Fed Ponders Pace of Selling $1.2 Trillion in MBS Assets

Federal ReserveUnloading $1.2 trillion from its balance sheet is no easy matter for Federal Reserve officials, with such factors as inflation, interest rates and a long, uneasy economic recovery at stake.
At their April 27-28 Federal Open Market Committee meeting, Fed officials agreed that sales of its mortgage-backed securities would be implemented within a framework communicated in advance and at a gradual pace “that potentially could be adjusted in response to changes in economic and financial conditions.”
But the pace and term of the sales was a subject of debate as FOMC members started looking ahead to a more grounded and sustainable recovery.
Fed officials raised estimates for economic growth for 2010 as the “deterioration in the labor market was likely coming to an end.”  Its outlook is now for GDP growth of 3.2 percent-3.7 percent, up from January’s estimate of 2.8 percent-3.5 percent. But less concern over inflation was tempered by a still worrisome housing market.
The FOMC kept its “extended period” pledge for maintaining its key target for short-term interest rates at the historically low 0-.25 percent.
And a majority preferred beginning asset sales “some time after the first increase” in the federal funds rate.
“Such an approach would postpone any asset sales until the economic recovery was well established and would maintain short-term interest rates as the Committee’s key monetary policy tool,” according to the notes from the April FOMC meeting.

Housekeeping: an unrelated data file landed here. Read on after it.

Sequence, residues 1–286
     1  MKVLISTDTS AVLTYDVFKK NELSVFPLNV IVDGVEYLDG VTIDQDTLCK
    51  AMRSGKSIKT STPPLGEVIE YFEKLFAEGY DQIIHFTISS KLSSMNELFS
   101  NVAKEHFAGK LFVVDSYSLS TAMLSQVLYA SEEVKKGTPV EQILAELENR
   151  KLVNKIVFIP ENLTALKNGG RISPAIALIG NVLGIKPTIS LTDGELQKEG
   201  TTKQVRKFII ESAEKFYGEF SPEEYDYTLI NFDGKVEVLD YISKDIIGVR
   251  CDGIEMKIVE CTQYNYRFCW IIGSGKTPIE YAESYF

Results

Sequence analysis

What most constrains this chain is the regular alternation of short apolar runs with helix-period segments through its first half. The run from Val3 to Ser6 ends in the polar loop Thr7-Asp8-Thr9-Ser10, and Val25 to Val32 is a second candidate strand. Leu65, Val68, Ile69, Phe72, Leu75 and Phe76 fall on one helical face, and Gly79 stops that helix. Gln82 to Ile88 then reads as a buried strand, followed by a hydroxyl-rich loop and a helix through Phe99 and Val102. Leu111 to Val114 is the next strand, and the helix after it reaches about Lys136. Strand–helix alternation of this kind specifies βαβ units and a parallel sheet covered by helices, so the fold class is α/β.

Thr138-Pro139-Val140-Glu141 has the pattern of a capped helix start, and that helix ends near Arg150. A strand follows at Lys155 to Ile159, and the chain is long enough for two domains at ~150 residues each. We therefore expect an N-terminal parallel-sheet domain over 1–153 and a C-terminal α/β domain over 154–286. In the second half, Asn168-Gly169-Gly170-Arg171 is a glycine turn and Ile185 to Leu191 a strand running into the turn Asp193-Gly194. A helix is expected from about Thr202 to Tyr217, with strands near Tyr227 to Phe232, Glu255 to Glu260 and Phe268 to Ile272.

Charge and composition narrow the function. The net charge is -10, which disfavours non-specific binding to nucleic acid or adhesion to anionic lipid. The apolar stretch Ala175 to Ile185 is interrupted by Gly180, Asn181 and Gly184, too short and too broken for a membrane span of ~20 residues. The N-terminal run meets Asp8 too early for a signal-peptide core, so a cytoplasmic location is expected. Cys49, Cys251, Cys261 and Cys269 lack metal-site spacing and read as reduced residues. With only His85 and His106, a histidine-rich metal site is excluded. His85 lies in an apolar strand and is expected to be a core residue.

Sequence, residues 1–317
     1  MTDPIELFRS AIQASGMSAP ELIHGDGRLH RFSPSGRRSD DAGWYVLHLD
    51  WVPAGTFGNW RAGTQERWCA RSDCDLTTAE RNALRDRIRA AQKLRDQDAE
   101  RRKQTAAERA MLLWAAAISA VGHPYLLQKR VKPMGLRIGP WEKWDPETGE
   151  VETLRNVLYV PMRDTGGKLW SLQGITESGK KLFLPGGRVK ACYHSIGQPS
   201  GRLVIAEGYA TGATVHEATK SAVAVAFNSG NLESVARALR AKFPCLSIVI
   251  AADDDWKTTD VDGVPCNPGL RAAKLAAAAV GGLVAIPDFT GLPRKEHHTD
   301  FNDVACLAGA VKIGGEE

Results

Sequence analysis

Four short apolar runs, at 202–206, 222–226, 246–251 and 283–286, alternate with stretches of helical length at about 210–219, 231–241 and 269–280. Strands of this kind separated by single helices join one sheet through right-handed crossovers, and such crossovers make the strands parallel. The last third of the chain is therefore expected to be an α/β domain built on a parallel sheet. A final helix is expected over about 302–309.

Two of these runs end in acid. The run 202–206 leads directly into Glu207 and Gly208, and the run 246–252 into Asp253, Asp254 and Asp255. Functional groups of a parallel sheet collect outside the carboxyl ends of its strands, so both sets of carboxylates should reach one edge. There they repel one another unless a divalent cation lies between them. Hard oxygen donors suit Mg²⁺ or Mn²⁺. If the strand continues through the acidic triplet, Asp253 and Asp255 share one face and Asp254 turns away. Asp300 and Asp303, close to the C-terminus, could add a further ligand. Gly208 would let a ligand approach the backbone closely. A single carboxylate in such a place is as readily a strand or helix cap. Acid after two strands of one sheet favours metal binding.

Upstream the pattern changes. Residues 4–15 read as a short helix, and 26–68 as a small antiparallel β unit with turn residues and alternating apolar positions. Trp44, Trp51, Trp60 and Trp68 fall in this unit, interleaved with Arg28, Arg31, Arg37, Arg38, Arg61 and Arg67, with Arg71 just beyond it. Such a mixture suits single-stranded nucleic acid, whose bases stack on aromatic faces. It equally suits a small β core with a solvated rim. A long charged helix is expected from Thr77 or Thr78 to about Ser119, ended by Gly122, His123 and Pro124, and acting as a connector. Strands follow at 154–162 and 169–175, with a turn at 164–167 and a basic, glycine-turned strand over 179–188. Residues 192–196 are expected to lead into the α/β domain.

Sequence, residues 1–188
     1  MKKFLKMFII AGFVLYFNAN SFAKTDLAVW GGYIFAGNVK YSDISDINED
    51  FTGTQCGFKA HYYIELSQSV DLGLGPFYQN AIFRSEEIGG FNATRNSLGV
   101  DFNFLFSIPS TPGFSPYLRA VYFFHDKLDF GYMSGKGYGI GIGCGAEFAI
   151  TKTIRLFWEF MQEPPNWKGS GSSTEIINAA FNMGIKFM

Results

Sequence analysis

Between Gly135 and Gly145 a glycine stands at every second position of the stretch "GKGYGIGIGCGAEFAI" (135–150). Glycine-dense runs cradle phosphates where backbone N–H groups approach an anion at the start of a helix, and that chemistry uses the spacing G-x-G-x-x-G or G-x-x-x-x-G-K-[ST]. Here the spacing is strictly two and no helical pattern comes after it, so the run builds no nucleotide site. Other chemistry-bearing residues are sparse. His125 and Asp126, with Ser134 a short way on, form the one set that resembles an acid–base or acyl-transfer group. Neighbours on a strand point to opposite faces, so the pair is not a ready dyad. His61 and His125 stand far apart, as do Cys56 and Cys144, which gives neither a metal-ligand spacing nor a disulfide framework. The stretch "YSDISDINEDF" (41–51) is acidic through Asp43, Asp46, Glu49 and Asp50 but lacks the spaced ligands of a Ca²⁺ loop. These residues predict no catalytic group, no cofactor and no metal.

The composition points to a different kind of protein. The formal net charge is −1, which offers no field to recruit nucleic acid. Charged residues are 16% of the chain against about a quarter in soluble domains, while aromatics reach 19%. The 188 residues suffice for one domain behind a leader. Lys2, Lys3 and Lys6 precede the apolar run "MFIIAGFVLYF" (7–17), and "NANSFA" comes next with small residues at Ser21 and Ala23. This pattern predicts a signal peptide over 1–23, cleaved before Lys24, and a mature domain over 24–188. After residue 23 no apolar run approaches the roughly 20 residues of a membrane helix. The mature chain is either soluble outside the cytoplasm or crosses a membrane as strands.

Most on the committee preferred that the $1.2 trillion in mortgage-backed securities be sold at a gradual pace that would complete the sales “about five years after they began.”
The Fed’s MBS purchase program ran from Jan. 5, 2009 through March 31, 2010. Its goal was to bolster mortgage and housing markets, and prop up financial sectors at the onset of the worst economic crisis since the Great Depression.
A couple of FOMC participants wanted a faster pace of sales over about three years. They felt that such a pace would not strain financial markets and would reduce the chance of an “elevated balance sheet” raising inflation expectations. A faster pace could also prevent “excessive growth of credit when the economy and banking system recover more fully,” the meeting notes said.
No decisions on the FOMC’s long-term strategy for asset sales and redemptions were made at this meeting.
“On balance, the economic outlook had changed little since the March meeting,” the Fed notes said. “Even though the recovery appeared to be continuing and was expected to strengthen gradually over time, most members projected that economic slack would continue to be quite elevated for some time.”

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